Small Isles and Loch Hourn (oops!)
We arrived at Arisaig campsite just as the last dregs of light were leaving. The plan to night paddle out to Eigg was scuppered about a mile out, however, when a bank of cloud settled over the island, making it invisible in the pale light of the moon. We found a campspot in the skerries and hunkered down for the night.
Next morning we were off and headed for Na Gurrabain campsite on the southeast corner of Eigg. Derek (FNG) was finding the slight following sea hard going and spent the whole crossing backing off waves instead of using them so it took a while to make it over. No big deal, the scenery was nice and we had plenty beer in our dayhatches so we just pootled along, soaking up the atmosphere, eventually reaching the campsite at more or less high water.
We stuck the tents up and cracked open a beer with the mighty An Sguur towering up in the background. Couldn't ask for a better spot.
We decided to skip lunch and have an early dinner before setting off to the pub across the bay for a couple of well earned cold ones. (I didn't kill the baby - it was like that when I got there)
On enquring about change for the pool table we were informed that the coin release was broken and the pool table was effectively free - result!
I was rudely awakened by a tent pole smacking off my head. It was, as the saying goes, "blowing a hoolie" F5 gusting 6's.
We cancelled the Muck crossing (too much like hard work) and went for a walk around the island instead.
Back at the capsite and Hammond's stomach was complaining so we left the invalid to cook up lunch and I took Derek out, round the bay to see if I could get in some rough water rescue practice.
Try as I might I couldn't coax him out into the deeper, more exposed waters (son of a bitch knows us too well)
So we played about in the skerries instead which was almost as much fun
then we headed back in
and found another use for the towropes
Next morning we were up with the sun and heading off to catch the run of the tide, around to Laig bay on the northwest side of Eigg
We watched a ferry winching a small boat on board, then dropping it back in the water and repeating the exercise. We concluded it was either some kind of rescue practice or the captain had been huffing paint stripper.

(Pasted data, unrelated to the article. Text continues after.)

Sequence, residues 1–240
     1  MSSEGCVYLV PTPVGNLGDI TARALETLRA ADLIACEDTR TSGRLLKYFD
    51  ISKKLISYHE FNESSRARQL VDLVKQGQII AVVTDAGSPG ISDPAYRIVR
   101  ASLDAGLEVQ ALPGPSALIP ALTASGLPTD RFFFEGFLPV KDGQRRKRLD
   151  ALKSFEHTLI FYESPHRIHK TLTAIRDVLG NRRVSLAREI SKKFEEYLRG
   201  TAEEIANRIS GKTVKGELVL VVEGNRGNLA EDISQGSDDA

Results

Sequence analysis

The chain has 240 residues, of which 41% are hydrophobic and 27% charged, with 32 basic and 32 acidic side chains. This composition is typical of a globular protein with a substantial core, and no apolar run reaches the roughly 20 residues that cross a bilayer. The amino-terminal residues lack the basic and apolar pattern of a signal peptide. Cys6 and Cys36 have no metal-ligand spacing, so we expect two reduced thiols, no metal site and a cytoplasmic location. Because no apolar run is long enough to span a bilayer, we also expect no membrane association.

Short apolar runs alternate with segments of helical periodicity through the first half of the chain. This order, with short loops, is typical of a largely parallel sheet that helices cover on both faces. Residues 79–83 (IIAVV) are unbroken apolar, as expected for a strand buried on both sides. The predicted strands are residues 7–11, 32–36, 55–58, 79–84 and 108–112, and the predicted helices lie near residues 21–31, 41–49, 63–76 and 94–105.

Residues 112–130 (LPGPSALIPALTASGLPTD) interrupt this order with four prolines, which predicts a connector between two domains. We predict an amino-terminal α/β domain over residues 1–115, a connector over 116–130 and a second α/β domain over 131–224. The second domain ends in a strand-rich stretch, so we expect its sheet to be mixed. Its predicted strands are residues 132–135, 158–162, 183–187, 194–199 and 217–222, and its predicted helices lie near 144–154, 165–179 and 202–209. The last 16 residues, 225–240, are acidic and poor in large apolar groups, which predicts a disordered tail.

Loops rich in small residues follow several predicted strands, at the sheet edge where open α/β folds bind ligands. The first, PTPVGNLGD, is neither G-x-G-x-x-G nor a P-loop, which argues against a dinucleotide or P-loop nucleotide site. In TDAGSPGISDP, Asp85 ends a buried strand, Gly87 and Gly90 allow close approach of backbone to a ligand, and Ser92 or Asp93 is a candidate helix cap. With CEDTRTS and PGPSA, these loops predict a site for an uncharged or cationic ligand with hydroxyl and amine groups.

We got our first good look at the south side of Rum as we rounded the headland. Awesome! Like Skye in miniature.
We stopped for lunch at the foot of a cliff somewhere along the west coast.
The landing was straightforward enough but, by the time we left there was a two foot wave breaking over this rock
I told Derek to time the sets, wait til three waves broke then PLF out in the gap, which he did, like a pro. I watched him break out then, completely forgetting my own advice, I jumped in my kayak and backpaddled out to meet the first wave of the next set. The first two did a good job of filling my cockpit and the third one finished the job. Fortunately none of this indignity was captured on camera, so my cool, calm and collected image remains untarnished.
We arrived at Laig at low water and carried the boats one metric whore of a distance up the beach!
We woke up on Wednesday and decided to leave the tents where they were, paddle out to Rum and check out the south coast, before heading back, rather than the original plan of camping in Kinloch. This would give us more time to check out the caves and arches before heading back for a shorter return leg to Malaig the next day.
Rum was truly stunning! My only regret was not seeing more of it but we were limited by Derek's noob paddling speed. Still, it's not meant to be going anywhere soon so I'll definitely be back.
Yes, it's as cold as it looks!
We headed back for Eigg finding, on arriving, that god had left some easy, mellow surf for us to wind down playing in. Thanks big fella, I owe you one!
FNG has now learned to high brace. Damnit, now we've got next to no chance of dunking him!
Next morning we were up at the crack of stupid to catch high water (ish) It was cloudy...
...really f'kin cloudy!
...and tidey, and a bit swelly
With visibility down to half a mile, we missed Malaig and ended up half way up to Loch Hourn by the time we decided to pull out and check the GPS.
Next morning we took a bearing (and stuck to it this time) back through the mists to Arisiag and home
Another brilliant week on the west coast and (according to one of the locals at least) the first sea kayakers on the island this year - Yay us!